The speaker of the House of Commons has criticised an ‘unhealthy’ situation regarding changes to the Advocates Graduated Fee Scheme (AGFS), claiming that the government’s failure to allocate a slot to debate the proposals does not help build an ‘atmosphere of trust’. Changes to the fee scheme triggered the current barristers’ boycott of new legal aid work, which is bringing chaos to criminal courts around the country. 

Speaking yesterday during parliamentary points of order, John Bercow MP said it was a ‘regrettable state of affairs’ that the government had failed to provide a time for a debate and vote on the Criminal Legal Aid (Remuneration) (Amendment) Regulations 2018, which implement the fee reforms. The revised scheme, which went live on 1 April, was passed under a negative procedure statutory instrument (SI) on 23 February. Such instruments become law without debate unless they are challenged.

MPs can table a ‘prayer’ against an SI in the form of an early day motion (EDM) after which the government typically, but is not obliged to, allows for a vote.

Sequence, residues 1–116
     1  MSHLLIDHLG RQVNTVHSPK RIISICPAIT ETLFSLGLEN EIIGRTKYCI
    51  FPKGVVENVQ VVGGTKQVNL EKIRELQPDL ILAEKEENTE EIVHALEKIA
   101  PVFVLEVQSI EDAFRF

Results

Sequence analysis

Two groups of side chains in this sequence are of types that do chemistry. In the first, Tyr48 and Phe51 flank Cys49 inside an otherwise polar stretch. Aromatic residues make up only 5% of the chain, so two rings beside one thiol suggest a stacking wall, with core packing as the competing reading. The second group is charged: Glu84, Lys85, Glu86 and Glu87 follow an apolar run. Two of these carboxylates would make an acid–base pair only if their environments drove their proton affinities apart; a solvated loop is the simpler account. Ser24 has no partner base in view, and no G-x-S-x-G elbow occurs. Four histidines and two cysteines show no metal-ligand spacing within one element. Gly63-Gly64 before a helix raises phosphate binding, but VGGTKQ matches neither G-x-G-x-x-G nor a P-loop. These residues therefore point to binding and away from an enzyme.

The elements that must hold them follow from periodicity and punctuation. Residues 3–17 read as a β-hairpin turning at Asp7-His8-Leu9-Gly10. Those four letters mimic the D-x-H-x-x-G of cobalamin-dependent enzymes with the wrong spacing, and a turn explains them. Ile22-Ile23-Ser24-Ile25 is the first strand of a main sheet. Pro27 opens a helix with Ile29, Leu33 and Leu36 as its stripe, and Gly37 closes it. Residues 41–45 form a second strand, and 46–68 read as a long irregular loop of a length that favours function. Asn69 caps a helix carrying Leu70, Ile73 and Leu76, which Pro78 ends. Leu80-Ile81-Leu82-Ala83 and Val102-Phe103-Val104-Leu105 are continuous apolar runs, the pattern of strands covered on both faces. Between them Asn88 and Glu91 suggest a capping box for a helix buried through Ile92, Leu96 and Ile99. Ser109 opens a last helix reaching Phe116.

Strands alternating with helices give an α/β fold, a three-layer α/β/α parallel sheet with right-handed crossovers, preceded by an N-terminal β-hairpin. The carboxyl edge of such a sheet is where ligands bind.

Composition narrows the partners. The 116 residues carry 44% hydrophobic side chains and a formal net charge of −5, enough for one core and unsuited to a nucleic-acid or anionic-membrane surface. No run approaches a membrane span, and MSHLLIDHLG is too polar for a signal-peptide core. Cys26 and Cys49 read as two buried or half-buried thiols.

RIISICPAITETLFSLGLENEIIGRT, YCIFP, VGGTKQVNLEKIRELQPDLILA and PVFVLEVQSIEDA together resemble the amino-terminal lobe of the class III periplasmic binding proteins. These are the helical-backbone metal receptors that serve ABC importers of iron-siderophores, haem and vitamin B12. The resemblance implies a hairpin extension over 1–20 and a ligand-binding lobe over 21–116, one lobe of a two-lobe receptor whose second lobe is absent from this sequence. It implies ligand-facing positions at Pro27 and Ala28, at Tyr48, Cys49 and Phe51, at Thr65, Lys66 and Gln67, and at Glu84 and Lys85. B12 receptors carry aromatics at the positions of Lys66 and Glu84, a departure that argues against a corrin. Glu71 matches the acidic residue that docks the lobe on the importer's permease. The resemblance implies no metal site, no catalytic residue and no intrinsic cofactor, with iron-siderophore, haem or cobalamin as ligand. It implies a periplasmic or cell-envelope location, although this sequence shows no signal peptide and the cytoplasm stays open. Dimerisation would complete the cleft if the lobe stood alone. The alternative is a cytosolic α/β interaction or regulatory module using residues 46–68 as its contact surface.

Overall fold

In this case an EDM sponsored by shadow justice secretary Richard Burgon and Labour leader Jeremy Corbyn was tabled on 22 March. Shadow leader of the House Valerie Vaz also raised the matter on 29 March and 19 April.

Burgon said yesterday: ‘I understand that under the procedure, the instrument can be annulled only if such a motion is agreed by the house within 40 days of the regulation’s being laid. That period has now expired.’

Responding, Bercow said: ‘What I can say with some confidence is that such a circumstance is unusual and, indeed, in terms of the smooth running of the house and the existence of a basic atmosphere of trust between the usual channels, it is unhealthy for such situations to occur.’

Instead of a debate, a motion to revoke the regulations will now have to be tabled. However, even if the motion is agreed, it would not have direct statutory effect. The Gazette understands that, had a debate been allowed the revised AGFS scheme could have fallen, given cross-party concern about legal aid cuts. According to parliament’s website, a negative instrument has not been annulled in the House of Commons since 1979.

During justice questions today, justice secretary David Gauke said he thought that the government was waiting for more information from Labour before calling for the debate. He added that the reforms to AGFS were worked out with the help of the Criminal Bar Association and Bar Council and that it was important to ensure legal aid funds are distributed in the correct way.

Both the CBA and the six bar circuit leaders have requested an 'urgent meeting’ with government officials to discuss the fee reforms.